Interest rate movements and bond prices follow a negative correlation, i.e. whenever a macroeconomic benchmark interest rate (eg: the repo rate) falls, bond prices increase and vice versa. To take an example, a bond issued last year at a par value of £100 offers an interest rate of 5%, however, due to inflation in the economy, the government increases its benchmark rate (repo rate) in the current year after which market-wide interest rates go up too. So any new bonds issued after the rate hike will carry higher interest in accordance with the increased benchmark interest rate. So a £100 par value bond issued in the current year will offer a higher interest rate, say 5.25%. This makes any of the older bonds less attractive with respect to newly issued bonds and their market price tends to fall. The opposite of this happens when benchmark rates go down and the bonds issued in the past become more attractive thereby increasing their market price. This correlation between interest rate and bond prices is important for traders as it helps them to take an informed stance on price movements.
Types of Bond
Bond issued by federal/central governments: These securities are issued by central treasuries and the money raised through them is used by the government for fiscal spending. The maturity period of these bonds could be 1 year, 10 years or even more. In economically sound countries, these bonds carry the lowest default risk as they are backed by the government’s promise.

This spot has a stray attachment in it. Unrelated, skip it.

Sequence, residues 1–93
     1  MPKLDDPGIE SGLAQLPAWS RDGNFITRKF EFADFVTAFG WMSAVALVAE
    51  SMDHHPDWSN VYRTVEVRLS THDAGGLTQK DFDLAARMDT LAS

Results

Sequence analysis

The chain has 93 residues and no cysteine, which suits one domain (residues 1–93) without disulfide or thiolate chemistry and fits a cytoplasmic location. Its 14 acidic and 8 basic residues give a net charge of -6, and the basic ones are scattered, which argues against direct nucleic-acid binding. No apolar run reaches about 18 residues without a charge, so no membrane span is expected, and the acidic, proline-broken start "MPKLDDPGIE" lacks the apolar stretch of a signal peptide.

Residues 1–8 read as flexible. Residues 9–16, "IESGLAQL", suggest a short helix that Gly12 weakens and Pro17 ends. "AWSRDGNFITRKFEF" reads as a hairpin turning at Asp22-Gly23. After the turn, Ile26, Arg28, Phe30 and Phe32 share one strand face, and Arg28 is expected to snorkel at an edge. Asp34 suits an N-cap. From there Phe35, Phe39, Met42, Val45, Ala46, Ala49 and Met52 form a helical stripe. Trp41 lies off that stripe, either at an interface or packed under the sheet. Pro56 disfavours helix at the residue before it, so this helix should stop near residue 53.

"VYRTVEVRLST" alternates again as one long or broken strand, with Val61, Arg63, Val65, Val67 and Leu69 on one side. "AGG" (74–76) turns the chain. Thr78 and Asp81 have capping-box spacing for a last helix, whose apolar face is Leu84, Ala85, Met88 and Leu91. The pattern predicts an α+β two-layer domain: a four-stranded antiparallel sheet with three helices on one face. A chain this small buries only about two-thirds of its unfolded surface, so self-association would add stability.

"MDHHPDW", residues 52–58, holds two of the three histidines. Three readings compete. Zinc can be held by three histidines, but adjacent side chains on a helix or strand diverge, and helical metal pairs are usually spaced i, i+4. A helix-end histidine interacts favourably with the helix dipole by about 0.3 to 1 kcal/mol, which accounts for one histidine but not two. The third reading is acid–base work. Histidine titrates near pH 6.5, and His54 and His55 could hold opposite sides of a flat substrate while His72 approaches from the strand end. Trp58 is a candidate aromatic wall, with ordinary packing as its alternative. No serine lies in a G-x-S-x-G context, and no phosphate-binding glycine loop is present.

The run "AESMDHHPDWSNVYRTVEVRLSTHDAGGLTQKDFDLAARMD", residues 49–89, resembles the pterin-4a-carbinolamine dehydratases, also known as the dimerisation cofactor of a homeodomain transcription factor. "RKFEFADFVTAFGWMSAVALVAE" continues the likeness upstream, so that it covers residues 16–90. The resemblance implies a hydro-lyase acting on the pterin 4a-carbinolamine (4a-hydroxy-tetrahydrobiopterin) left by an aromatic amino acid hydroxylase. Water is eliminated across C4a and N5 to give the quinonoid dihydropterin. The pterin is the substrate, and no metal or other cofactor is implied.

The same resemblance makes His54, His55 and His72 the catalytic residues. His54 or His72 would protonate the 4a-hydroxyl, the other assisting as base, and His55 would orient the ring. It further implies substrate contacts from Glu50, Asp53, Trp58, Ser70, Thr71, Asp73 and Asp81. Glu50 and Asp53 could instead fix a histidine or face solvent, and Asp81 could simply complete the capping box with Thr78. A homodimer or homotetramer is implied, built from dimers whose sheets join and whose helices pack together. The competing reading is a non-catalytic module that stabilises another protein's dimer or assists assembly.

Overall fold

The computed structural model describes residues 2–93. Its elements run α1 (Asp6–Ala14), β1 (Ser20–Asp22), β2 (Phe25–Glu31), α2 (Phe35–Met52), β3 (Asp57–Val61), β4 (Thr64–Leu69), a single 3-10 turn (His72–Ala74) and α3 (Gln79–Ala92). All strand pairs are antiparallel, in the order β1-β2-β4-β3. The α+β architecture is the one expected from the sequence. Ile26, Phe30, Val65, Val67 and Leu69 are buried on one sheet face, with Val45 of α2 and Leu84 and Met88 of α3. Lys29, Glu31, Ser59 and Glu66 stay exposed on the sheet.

Local Government/Municipal bonds: These bonds are typically issued by municipal corporations and state governments to finance public improvement projects. Their interest is mostly exempt from government taxes and sometimes local taxes as well. The credit rating of municipal bonds is often reasonably good.
Corporate Bonds: Corporations borrow from traders through corporate bonds. Independent credit rating agencies rate these bonds and depending on the issuing company their ratings can vary from AAA to junk. Since these bonds carry higher risks than government bonds they often pay higher interest than government bonds.